Walt Whitman on Manhattan (plus my own impressions and thoughts)

 

 

MANNAHATTA.

 

I WAS asking for something specific and perfect for my city,
Whereupon lo! upsprang the aboriginal name.

Now I see what there is in a name, a word, liquid, sane, unruly,
musical, self-sufficient,
I see that the word of my city is that word from of old,
Because I see that word nested in nests of water-bays, superb,
Rich, hemm’d thick all around with sailships and steamships, an
island sixteen miles long, solid-founded,
Numberless crowded streets, high growths of iron, slender, strong,
light, splendidly uprising toward clear skies,
Tides swift and ample, well-loved by me, toward sundown,
The flowing sea-currents, the little islands, larger adjoining islands,
the heights, the villas,
The countless masts, the white shore-steamers, the lighters, the
ferry-boats, the black sea-steamers well-model’d,
The down-town streets, the jobbers’ houses of business, the houses
of business of the ship-merchants and money-brokers, the river-streets,
Immigrants arriving, fifteen or twenty thousand in a week,
The carts hauling goods, the manly race of drivers of horses, the
brown-faced sailors,
The summer air, the bright sun shining, and the sailing clouds
aloft,
The winter snows, the sleigh-bells, the broken ice in the river,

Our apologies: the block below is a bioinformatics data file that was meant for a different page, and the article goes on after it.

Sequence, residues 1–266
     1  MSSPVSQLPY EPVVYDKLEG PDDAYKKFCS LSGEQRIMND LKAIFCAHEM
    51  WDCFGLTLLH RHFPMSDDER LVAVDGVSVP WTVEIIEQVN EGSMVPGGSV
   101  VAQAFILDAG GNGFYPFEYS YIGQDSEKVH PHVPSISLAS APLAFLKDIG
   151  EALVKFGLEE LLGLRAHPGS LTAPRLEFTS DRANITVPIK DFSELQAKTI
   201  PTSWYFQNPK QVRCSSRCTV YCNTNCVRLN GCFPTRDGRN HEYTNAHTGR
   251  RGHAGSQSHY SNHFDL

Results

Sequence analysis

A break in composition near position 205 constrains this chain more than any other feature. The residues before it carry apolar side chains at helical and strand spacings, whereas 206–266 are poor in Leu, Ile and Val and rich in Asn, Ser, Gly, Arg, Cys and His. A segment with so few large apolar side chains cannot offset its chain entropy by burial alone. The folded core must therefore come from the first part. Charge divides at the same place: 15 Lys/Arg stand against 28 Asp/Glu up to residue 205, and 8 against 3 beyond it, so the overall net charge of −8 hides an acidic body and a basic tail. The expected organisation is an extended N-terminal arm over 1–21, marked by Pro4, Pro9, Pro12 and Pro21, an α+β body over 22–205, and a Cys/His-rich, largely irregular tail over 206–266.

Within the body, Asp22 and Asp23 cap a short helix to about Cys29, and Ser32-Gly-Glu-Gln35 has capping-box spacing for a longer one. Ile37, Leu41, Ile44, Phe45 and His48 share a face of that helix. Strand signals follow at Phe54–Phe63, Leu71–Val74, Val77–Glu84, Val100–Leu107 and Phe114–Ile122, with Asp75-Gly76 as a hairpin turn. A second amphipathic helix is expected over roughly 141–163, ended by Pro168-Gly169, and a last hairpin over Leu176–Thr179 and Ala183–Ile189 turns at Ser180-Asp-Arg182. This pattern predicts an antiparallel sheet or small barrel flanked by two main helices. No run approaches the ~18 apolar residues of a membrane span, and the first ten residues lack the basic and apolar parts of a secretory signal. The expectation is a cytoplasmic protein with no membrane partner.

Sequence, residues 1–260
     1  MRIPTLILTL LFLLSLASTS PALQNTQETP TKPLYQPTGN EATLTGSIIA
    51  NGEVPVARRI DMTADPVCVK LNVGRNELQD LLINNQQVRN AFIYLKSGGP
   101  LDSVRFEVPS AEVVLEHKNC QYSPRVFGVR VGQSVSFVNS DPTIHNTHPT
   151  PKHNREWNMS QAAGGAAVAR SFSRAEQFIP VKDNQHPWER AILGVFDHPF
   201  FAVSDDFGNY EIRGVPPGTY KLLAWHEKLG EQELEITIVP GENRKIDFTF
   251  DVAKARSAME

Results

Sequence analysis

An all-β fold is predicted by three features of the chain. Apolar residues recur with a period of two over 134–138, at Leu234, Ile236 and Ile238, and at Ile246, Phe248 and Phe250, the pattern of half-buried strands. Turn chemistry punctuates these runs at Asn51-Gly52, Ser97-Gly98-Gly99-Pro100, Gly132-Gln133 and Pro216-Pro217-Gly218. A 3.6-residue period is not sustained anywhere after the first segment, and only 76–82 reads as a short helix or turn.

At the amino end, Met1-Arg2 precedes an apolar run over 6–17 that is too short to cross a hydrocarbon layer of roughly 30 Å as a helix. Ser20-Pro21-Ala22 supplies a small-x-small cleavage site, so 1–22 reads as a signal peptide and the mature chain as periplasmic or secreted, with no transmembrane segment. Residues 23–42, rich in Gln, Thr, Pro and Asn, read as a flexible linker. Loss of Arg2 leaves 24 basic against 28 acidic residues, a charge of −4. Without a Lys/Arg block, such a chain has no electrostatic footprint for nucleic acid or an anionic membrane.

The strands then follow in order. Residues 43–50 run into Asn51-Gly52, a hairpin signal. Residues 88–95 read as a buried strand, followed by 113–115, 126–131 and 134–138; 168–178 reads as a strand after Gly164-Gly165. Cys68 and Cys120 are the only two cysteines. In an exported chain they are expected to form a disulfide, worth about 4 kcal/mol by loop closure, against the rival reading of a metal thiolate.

passing along up or down with the flood-tide or ebb-tide,
The mechanics of the city, the masters, well-form’d, beautiful-
faced, looking you straight in the eyes,
Trottoirs throng’d, vehicles, Broadway, the women, the shops and
shows,
A million people—manners free and superb—open voices—
hospitality—the most courageous and friendly young men,
City of hurried and sparkling waters! city of spires and masts!
City nested in bays! my city!

 

 

 

*****************************************************

 

 

Broadway.

 

What hurrying human tides, or day or night!
What passions, winnings, losses, ardors, swim
thy waters!
What whirls of evil, bliss and sorrow stem, thee!
What curious questioning glances—glints of
love!
Leer, envy, scorn, contempt, hope, aspiration!
Thou portal—thou arena—thou of the myriad
long-drawn lines and groups!
(Could but thy flagstones, curbs, facades tell
their inimitable tales);
Thy windows, rich and huge hotels—thy side-
walks wide;
Thou of the endless sliding, mincing, shuffling
feet!
Thou, like the parti-colored world itself—like